Huawei Technologies officially launched its in-house Harmony operating system for smartphones on Wednesday, as the Chinese telecoms equipment maker seeks to become completely independent of American technology.
At the livestream event, Huawei also unveiled a range of products including a smartwatch, a stylus and a tablet powered by HarmonyOS, along with the announcement of a massive migration that will see roughly 100 other Huawei devices – including phones and tablets – updated to run on HarmonyOS from the current operating system based on Google’s Android platform.
Billing the operating system as an “Internet-of-Things” platform, the President of Huawei Consumer Business Group’s software department Wang Chenglu said HarmonyOS aims will provide “a common language” for different kinds of devices to connect and collaborate, providing users with a more convenient and secure experience. This means that all Harmony-OS-powered devices can be linked together and controlled by a single panel on a smartphone.
HarmonyOS will initially come to recent flagship models including the Mate 40, Mate 30, P40, the foldable Mate X2 and the nova 8 series. The company predicts that by the end of 2021, the number of smart devices equipped with the new operating system will reach 300 million, of which Huawei’s devices will exceed 200 million, with third-party partners accounting for 100 million.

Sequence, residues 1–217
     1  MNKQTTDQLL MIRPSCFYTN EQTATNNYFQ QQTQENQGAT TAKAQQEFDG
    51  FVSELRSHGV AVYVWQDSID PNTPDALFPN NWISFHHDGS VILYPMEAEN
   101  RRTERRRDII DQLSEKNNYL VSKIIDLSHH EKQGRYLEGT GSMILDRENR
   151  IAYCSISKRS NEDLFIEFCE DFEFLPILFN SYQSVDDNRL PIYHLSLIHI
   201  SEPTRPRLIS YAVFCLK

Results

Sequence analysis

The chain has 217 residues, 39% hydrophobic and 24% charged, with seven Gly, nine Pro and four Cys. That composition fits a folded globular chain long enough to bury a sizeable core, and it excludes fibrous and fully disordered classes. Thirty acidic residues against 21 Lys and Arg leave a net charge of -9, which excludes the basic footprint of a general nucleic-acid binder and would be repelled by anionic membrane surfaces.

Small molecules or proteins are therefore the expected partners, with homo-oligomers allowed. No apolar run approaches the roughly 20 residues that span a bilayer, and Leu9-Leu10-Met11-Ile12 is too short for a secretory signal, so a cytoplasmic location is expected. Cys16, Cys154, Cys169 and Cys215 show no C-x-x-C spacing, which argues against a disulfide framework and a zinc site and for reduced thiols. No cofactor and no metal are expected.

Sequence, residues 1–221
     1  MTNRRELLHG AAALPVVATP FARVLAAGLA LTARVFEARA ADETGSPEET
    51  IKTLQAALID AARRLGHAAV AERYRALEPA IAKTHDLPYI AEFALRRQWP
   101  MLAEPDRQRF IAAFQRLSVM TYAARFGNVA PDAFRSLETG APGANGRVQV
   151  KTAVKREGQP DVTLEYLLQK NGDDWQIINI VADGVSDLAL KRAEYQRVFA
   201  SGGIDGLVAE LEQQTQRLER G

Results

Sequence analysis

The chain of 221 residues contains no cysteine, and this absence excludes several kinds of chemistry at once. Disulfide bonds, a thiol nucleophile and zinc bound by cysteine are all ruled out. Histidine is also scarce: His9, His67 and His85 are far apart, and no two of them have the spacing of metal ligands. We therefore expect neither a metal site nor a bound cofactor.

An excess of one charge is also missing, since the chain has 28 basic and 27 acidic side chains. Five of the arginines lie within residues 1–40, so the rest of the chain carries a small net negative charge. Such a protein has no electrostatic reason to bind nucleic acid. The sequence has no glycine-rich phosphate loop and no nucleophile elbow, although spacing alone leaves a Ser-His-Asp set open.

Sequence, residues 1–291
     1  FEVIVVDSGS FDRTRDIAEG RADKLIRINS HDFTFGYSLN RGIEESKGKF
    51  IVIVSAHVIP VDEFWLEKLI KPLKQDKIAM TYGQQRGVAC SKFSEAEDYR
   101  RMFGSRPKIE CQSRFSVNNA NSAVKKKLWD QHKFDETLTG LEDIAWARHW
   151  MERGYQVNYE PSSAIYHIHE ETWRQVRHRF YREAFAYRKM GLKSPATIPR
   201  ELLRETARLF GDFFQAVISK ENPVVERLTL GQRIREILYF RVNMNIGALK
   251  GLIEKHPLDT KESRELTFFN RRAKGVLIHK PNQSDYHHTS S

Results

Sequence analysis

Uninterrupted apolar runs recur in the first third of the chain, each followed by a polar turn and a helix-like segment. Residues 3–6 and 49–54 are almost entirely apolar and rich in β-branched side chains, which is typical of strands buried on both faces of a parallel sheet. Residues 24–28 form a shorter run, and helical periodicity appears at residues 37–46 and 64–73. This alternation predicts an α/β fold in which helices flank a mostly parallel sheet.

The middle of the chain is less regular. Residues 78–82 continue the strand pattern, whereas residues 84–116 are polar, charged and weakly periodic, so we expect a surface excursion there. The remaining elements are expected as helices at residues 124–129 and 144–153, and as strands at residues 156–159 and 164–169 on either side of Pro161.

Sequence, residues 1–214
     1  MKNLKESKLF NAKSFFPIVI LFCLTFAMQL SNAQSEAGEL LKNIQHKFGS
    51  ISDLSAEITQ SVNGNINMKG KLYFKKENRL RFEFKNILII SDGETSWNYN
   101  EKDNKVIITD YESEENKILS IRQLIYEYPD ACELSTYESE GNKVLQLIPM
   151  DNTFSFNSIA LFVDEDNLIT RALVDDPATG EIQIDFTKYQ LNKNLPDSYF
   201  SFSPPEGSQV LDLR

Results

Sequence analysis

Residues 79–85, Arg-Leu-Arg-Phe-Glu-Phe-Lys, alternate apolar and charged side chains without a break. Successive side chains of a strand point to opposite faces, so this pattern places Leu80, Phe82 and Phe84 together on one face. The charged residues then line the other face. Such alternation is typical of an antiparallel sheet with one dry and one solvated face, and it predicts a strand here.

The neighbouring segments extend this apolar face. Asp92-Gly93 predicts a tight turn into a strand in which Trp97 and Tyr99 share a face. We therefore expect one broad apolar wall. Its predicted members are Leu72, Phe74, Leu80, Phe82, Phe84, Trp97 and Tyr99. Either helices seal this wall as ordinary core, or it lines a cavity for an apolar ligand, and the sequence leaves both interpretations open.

The firm started building the Android and iOS alternative in 2016 and made it open-source for a range of devices last September.
“A HarmonyOS 2 phone can maintain read/write speeds similar to those of a new phone after 36 months of use, even with very little storage still available on the device,” the company said in a press release, adding that it has remained committed to user privacy and security.
In May 2019, the tech giant was put on the U.S.’s Entity List which bars American firms from exporting technology to Chinese firms due to national security concerns. The move cut off Huawei from Google’s Android operating system and threatened its hardware supply, including key chipsets. Huawei has strongly denied that it has any links with the Chinese military.
As a result of the sanctions, the company, which was formerly the world’s biggest smartphone vendor, is now ranked sixth place with a 4% market share in the first quarter, according to Reuters. It was also forced to sell its budget smartphone brand Honor last November in order to survive.
Its revenue fell 16.5% year-on-year to 152.2 billion yuan ($23.38 billion) in the first quarter of 2021, marking the second consecutive quarter in which Huawei’s revenues dropped, following an 11.2% decline in the fourth quarter of 2020.
At the event, the company also released the FreeBuds4, an active noise cancellation (ANC) wireless Bluetooth earphones and two monitors, the Huawei MateView and the Huawei MateView GT.
It ended the presentation with a teaser for the forthcoming flagship P50, without announcing pricing or a release date. However, a close-up teaser photo of the smartphone shows four camera lenses along with two flashes. It also hinted at Huawei’s continued partnership with camera powerhouse Leica.
The new phone will have a “lightweight design and an iconic design language, and will lift mobile photography to a new level,” Richard Yu, CEO of Huawei’s Consumer Business Group said, adding that a launch date has not been set yet “due to reasons that everyone is aware of.”